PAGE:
Taking Twitter’s political temperature
Britain’s first live television debates between the leaders of the three mainstream political parties are not the only new feature to add spice to the upcoming general election, which Prime Minister Gordon Brown today announced will be held on May 6.
The 2010 vote is also the first time politicians and their strategy teams have had to factor in the micro-blogging site Twitter.com. The social media tool, which did not exist at the time of the last election in 2005, now has over 75 million users who between them sent four billion tweets in the first quarter of 2010.
It is also home to a vibrant — and often vitriolic — political community that is certain to go into overdrive in the run-up to polling day and beyond.
But whose side are they on?
To answer this question, Reuters commissioned market research company Crimson Hexagon to conduct a detailed assessment of opinions expressed by the UK public about the political parties on Twitter.
Archiving all tweets related to the parties and their leading figures and then analysing them for positive and negative sentiment (while simultaneously filtering out any tweets which expressed no opinion), the research team was able to take the political temperature of British Twitter users.
The results make for fascinating reading. The first chart, below, shows the percentage of positive tweets for Labour, Conservatives, Lib Dems and other parties between March 22 and April 5 . The Conservative Party scores slightly better than its rivals; over the entire period 13 percent of tweets were pro-Tory, compared with 10 percent pro-Labour, 8 percent pro-Lib Dems and 8 percent for other parties.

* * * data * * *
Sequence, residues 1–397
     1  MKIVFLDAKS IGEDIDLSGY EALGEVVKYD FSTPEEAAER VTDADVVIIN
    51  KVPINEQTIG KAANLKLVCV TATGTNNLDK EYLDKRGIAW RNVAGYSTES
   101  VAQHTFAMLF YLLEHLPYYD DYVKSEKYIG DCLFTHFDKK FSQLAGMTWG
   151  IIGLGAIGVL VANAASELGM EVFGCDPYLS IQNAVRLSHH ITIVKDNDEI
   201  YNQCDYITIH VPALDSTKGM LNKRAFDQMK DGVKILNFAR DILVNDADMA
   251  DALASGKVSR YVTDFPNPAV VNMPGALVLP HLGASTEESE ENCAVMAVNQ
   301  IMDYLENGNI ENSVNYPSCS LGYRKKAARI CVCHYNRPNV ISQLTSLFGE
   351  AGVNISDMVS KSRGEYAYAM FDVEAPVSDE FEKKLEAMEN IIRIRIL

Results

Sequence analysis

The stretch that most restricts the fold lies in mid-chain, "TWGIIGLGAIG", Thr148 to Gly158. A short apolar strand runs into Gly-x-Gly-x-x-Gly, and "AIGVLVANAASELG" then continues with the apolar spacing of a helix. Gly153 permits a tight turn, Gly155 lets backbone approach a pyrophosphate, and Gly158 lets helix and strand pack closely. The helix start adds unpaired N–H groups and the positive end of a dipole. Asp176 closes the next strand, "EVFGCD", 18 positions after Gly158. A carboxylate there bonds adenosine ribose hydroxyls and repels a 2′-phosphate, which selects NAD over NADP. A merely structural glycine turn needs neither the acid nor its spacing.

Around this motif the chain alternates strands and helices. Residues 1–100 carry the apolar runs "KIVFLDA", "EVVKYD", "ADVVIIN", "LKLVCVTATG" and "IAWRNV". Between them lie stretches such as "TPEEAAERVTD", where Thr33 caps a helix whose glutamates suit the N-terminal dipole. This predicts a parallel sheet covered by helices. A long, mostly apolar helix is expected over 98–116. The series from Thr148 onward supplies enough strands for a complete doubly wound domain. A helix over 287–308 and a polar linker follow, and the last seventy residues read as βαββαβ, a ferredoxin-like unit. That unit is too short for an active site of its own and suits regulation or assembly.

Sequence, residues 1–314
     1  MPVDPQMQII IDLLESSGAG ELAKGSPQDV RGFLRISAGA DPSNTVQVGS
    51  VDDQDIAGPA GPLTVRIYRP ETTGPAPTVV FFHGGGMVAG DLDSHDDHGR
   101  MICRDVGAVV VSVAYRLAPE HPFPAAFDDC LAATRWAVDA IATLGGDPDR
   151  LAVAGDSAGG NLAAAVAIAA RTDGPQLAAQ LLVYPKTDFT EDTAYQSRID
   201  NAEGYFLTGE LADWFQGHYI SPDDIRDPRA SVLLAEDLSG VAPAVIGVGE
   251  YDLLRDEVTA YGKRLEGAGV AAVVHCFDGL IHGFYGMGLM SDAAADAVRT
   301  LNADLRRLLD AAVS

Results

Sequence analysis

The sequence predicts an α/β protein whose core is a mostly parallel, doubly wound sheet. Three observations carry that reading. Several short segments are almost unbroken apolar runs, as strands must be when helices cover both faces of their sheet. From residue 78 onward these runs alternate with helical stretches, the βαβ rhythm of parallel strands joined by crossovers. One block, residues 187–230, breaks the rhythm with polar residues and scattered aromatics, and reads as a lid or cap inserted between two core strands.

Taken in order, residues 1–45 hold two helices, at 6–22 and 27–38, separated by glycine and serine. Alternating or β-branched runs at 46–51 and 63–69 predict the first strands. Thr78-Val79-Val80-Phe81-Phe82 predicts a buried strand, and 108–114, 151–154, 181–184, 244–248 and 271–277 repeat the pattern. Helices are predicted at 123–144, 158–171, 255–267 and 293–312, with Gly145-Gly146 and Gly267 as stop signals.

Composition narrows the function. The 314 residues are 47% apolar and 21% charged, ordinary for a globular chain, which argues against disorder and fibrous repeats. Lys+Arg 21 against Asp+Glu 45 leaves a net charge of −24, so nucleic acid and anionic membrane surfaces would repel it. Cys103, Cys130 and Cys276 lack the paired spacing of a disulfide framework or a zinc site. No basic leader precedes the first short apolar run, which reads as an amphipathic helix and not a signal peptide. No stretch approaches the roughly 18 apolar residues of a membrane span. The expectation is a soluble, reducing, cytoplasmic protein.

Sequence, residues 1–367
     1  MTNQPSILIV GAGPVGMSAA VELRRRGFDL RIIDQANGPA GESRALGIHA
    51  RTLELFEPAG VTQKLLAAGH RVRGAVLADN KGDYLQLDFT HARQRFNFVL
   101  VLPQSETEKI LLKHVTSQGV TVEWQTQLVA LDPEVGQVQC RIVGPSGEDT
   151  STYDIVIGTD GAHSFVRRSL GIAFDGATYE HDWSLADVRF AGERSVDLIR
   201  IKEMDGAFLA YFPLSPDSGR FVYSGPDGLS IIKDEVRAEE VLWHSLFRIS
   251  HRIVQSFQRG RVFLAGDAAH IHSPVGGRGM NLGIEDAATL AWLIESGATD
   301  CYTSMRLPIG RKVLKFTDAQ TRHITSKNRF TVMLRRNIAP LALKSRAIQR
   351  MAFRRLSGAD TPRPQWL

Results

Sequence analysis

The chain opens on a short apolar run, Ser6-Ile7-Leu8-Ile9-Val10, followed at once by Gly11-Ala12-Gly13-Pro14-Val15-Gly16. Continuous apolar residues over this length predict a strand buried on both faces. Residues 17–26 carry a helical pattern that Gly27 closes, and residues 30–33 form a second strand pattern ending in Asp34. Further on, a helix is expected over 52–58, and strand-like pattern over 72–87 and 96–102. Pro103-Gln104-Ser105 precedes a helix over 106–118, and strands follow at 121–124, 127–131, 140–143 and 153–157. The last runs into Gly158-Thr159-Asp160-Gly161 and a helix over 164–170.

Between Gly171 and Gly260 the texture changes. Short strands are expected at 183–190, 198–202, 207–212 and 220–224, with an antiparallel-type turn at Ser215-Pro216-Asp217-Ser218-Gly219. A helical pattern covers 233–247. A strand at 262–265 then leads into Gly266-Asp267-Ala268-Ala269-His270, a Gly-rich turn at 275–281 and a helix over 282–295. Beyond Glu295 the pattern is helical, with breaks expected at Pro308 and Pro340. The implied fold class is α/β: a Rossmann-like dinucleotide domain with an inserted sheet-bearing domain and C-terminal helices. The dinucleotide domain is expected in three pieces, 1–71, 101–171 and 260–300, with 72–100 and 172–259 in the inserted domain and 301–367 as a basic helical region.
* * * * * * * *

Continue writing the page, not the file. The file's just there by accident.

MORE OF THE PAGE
Unfortunately for Tory leader David Cameron, it’s downhill from here. This next graph, showing negative tweets for each party during the same period, shows a big gap between anti-sentiment for the Conservatives and the other parties (an average of 28 percent anti-Tory, 18 percent anti-Labour, 7 percent anti-Lib Dems and 8 percent for the other parties).
The final graph shows the net results for each party and confirms that anti-Tory sentiment was constant throughout this period.
These results are somewhat surprising considering the latest opinion polls, some of which have the Tories leading Labour by as much as 10 points, enough to win an outright majority in parliament.
Edward Schneider, a consultant at Crimson Hexagon, said: “Twitter reveals the Tories to be the most talked about, as well as the most polarising, party in recent weeks. Over 40 percent of Twitter conversation on UK politics in the last two weeks has concerned the Conservative Party, compared to only 28% for Labour.
“However, much of the gap in volume is comprised of negative tweets — the Conservative Party has only a 3 percentage point lead on Labour in terms of favourable tweets.
“It’s worth noting that Twitter support for the Liberal Democrats and other parties, particularly UKIP, does not lag far behind, and in aggregate terms it actually surpasses both the leading parties. The possibility of a hung parliament is unquestionably alive, at least online.”
Over the coming weeks we will update this information to provide you with a real-time view of what the UK Twitter community truly thinks about the main political parties.